Week 11: “Vanillin Synthesis from 4-Hydroxybenzaldehyde”

Source(s): This lab was developed by a team of students from a recent JCE article: Vanillin Synthesis from 4-Hydroxybenzaldehyde.” Douglass F. Taber, Shweta Patel, Travis M. Hambleton, and Emma E. Winkel, J. Chem. Educ. 2007, 84, 1158. An online version of the lab was available at http://valhalla.chem.udel.edu/vanillin.pdf

Changes to published procedure
We scaled up the procedure – Part I 0.5g 4-hydroxybenzaldehyde.
The product from Part I (3-bromo-4-hydroxybenzaldehyde) was isolated by liquid-liquid separation and solvent evaporation.All of the product from Part I was used for Part II.We used boiling water baths to heat the reaction for Part II.
We did not do the column chromatography step.
We performed a GC-FID of the products from both Part I and Part II.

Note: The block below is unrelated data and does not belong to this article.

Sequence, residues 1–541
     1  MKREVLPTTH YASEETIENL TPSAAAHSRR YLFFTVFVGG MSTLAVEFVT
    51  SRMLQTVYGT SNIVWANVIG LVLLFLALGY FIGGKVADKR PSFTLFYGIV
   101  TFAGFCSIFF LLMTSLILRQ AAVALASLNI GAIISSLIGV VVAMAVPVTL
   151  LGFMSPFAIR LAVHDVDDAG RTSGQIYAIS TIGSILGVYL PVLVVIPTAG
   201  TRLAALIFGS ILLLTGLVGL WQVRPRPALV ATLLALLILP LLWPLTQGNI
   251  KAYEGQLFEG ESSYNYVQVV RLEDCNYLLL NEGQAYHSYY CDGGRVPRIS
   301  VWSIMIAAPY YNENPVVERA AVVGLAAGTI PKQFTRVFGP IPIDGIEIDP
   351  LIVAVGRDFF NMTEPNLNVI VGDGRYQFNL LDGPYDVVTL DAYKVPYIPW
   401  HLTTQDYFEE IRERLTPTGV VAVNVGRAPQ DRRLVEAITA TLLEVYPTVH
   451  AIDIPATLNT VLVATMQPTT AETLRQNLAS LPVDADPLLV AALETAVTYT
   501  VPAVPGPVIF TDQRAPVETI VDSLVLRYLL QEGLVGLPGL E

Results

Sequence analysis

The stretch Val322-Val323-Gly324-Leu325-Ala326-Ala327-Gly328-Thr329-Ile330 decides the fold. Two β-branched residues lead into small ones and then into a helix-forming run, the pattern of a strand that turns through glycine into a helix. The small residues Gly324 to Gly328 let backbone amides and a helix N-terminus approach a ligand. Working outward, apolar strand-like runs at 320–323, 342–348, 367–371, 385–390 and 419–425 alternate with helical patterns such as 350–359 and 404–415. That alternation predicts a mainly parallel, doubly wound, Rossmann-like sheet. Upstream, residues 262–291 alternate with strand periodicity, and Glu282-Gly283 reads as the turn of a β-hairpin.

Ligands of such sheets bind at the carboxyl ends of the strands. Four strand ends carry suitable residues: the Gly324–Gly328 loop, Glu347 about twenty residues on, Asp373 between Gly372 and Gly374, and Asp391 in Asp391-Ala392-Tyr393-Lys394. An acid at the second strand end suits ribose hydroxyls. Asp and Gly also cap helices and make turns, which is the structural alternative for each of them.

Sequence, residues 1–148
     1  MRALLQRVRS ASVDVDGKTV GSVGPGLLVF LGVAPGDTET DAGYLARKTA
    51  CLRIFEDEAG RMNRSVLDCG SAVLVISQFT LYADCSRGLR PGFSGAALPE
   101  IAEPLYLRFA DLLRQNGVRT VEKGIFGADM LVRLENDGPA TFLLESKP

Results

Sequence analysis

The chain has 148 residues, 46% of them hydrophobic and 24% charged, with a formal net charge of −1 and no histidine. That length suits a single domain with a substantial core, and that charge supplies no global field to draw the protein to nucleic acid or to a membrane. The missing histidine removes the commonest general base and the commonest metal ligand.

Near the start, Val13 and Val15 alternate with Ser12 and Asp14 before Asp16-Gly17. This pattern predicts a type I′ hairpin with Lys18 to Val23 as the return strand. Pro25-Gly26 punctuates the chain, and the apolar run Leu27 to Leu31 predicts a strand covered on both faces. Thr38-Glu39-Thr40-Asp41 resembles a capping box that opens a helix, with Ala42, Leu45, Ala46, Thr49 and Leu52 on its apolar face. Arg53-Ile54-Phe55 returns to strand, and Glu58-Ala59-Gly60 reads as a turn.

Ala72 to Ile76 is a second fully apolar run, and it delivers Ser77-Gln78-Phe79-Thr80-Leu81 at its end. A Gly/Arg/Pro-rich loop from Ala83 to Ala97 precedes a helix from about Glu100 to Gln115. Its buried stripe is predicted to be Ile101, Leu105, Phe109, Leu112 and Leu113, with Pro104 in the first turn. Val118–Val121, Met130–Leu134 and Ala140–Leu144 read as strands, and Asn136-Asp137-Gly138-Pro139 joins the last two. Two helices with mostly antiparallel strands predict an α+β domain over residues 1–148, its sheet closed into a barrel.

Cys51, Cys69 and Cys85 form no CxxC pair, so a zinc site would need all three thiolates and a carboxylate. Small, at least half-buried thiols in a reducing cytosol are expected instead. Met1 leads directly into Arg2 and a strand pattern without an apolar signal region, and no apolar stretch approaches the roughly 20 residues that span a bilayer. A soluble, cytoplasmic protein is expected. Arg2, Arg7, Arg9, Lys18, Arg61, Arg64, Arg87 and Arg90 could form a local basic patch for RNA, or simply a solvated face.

+ A little more challenging procedure – a nice fit for late 2nd semester.
+ The product smells nice – olfactory confirmation of a successful synthesis.


± It is very difficult to distinguish between 4-hydroxybenzaldehyde, 3-bromo-4-hydroxybenzaldehyde, and vanillin by TLC.
± Our GC did not distinguish between 3-bromo-4-hydroxybenzaldehyde, and vanillin.

– We had a hard developing this lab successfully. In hindsight, I think we failed to appreciate the need to heat the reaction in Part II to a much higher temperature than would be achieved by simple reflux conditions.
– In my opinion, working with bromine and ethyl ether should be avoided whenever possible.

Inquiry & Extension ideas.
● Could be part of an exploration of an Electrophilic/Nucleophilic Aromatic Substitution study.


One Comment

  1. Ricardo Rodriguez
    Posted April 30, 2008 at 9:08 pm | Permalink

    I would probably suggest heating the reactants to at least 175 C. Although there runs the risk of evaporation to dryness of the sample is not kept an eye on, and the refluxer is not cold enough to prevent the outflow of reactants evaporating into the atmosphere.

Post a Comment

You must be logged in to post a comment.
%d bloggers like this: